Nevertheless, the schoolie bite continued along the shoreline, egged on by more smaller baits showing up. However, catches slowed and were more intermittent as water temps climbed. One point to remember is when releasing your catch, do it quickly with the preference of not removing the fish from the water. Letting a fish flop around on the ground or cockpit or being out of the water for a prolonged period of time only ensures that it won’t survive upon release.
Weakfish catches were notably up by Six Mile, Kimberly, and Faulkner’s as they headed west. Small baits, jigs, and trolling rigs had the best results. Working the bottom third of the water column produced the best results. Black sea bass catches in the four- to five-pound range and in around 90-foot-plus depths were made as more fish moved to cooler deeper water. Although catches remain good, they did slack off a bit compared to previous weeks. Squid and hi-lo rigs are still good bets.
Fluke catches, on the other hand, have increased with more fish in the 24-inch range being caught. Some keepers were caught from shore, along the beaches, and in the lower tidal rivers, although most of the good catches have come when drifting the offshore reefs and shoals with squid, scented swim baits, and belly or side strips. Porgy catches have surged all along the shoreline. This family favorite is not only a good introduction to the young fishers, but is also fun and food fare for the experienced ones. The simplest of gear and rigging will get the job done. While fishing the bottom, expect to catch a sea robin or two and even a sand shark. And for those blue crabbers, now is the time to hit the banks, pilings, and estuaries.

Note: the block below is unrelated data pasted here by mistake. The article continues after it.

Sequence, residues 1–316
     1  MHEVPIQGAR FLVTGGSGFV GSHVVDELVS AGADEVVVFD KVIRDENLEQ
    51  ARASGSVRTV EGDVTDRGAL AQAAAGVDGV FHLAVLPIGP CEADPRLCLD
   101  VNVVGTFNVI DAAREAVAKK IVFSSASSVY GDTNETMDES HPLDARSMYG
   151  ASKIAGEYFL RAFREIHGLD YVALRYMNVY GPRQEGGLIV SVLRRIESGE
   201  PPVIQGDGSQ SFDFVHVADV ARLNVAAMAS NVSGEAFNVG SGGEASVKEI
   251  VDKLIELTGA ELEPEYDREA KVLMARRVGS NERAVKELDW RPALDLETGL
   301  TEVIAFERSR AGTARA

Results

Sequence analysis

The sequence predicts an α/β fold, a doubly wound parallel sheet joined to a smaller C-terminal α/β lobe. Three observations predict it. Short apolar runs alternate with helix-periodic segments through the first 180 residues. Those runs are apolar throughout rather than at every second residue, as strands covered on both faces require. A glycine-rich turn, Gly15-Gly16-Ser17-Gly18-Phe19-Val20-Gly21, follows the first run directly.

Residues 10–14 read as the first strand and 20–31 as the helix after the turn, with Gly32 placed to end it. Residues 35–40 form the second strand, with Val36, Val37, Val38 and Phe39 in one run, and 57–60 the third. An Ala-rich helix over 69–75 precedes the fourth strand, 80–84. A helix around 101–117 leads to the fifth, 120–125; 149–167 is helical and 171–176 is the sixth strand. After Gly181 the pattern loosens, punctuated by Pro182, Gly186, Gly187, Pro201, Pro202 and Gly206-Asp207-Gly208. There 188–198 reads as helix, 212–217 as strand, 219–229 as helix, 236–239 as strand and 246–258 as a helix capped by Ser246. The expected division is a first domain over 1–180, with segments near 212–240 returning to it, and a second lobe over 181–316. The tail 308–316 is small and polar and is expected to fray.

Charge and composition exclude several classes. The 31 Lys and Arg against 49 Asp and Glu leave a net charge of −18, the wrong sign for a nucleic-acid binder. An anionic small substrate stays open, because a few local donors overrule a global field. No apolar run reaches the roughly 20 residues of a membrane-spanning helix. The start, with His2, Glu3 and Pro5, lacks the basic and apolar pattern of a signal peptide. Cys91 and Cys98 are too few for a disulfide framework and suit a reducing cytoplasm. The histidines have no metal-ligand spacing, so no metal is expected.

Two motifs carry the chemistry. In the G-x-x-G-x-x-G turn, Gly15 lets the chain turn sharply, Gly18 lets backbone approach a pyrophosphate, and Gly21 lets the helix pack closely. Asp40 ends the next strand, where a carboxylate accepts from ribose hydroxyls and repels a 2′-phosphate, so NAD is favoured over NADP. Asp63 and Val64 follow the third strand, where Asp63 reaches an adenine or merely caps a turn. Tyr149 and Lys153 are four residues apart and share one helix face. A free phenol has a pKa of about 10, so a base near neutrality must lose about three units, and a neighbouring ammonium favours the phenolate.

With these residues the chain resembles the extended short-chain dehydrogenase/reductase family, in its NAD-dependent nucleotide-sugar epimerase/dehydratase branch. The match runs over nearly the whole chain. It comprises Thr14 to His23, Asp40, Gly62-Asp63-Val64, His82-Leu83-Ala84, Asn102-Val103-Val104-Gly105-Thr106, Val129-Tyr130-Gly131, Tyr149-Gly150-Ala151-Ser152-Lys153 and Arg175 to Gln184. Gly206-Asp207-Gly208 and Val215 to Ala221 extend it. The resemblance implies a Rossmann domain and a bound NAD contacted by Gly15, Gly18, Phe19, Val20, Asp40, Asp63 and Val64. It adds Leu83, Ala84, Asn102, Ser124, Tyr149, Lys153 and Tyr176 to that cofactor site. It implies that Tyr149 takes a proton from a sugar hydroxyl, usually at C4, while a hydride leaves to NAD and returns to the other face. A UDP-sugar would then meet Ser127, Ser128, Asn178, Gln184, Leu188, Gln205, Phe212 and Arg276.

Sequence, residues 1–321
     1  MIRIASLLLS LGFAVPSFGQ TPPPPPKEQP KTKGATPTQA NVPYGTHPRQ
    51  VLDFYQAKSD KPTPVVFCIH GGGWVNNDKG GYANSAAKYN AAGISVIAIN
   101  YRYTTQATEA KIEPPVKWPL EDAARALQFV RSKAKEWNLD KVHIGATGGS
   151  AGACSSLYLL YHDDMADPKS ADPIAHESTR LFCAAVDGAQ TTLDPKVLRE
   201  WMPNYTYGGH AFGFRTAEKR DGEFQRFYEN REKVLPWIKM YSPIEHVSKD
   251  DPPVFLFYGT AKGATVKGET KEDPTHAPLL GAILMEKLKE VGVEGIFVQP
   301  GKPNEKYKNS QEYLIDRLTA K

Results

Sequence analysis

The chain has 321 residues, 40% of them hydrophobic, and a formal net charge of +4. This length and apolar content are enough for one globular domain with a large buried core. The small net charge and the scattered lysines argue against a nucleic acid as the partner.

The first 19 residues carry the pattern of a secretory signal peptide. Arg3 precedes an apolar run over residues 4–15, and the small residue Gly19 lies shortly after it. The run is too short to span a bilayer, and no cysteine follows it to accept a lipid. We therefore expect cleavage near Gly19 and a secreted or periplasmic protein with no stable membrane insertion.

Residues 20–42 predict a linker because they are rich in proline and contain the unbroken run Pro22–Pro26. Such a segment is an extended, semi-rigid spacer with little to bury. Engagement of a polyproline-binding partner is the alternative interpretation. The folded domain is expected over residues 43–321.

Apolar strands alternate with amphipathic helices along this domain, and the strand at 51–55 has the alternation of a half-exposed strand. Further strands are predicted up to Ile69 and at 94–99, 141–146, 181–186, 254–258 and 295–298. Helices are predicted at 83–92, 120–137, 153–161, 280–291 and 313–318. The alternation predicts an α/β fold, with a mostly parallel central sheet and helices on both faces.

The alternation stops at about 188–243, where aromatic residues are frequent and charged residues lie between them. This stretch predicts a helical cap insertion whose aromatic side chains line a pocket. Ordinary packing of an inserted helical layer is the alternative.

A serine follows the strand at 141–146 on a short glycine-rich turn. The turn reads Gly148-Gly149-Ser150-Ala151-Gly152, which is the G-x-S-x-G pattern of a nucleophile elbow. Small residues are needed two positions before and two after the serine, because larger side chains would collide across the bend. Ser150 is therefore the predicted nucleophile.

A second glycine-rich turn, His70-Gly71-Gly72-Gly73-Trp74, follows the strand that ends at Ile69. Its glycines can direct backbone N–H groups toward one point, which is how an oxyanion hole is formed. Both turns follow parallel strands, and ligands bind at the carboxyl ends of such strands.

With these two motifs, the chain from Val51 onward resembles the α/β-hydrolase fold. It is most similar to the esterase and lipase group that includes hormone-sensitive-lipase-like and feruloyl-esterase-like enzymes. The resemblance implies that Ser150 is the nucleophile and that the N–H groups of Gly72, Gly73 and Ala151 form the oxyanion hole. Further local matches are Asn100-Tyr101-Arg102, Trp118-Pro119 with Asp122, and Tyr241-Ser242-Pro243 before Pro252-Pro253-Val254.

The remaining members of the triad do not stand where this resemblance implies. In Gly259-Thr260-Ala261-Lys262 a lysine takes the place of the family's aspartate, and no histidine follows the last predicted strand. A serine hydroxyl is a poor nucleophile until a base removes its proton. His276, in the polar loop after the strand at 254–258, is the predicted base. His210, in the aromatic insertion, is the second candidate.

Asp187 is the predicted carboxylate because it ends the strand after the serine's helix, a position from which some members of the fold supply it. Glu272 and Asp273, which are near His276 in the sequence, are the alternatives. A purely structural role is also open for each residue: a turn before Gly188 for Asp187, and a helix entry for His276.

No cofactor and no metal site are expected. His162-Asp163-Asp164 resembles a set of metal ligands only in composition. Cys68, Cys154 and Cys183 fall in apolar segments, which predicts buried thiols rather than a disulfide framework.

Fly Fishing Clinic
Last chance to register for our fly fishing event that’s taking place on Saturday, July 20 on one of Long Island Sound’s picturesque flats, where heavily experienced and knowledgeable certified Fly Fishing International instructors will work on a one-to-one basis. The event takes place from 9 a.m. to 2 p.m. The cost of $225 includes lunch, beverages, and a free drawing for private lesson. Call the shop at 203-245-8665 or stop in to sign up.
Note: Email us pics of your catches to share with our USA and international fishing friends who keep up with the latest fishing news and frequent social media. In the interest of protecting the species, starting on Sunday, Sept. 1, and pending new 2020 regulations, the shop will no longer weigh striped bass (Morone saxatilis) in excess of 40 inches (head tip to tail tip), but will still accept on-the-water catch-and-release photos.
For all things fishy including fishing trips, swing by the shop (203-245-8665) open seven days located at 21 Boston Post Road, Madison. Until next time from your Connecticut shoreline’s full-service fishing outfitter, where we don’t make the fisherman, we make the fisherman better...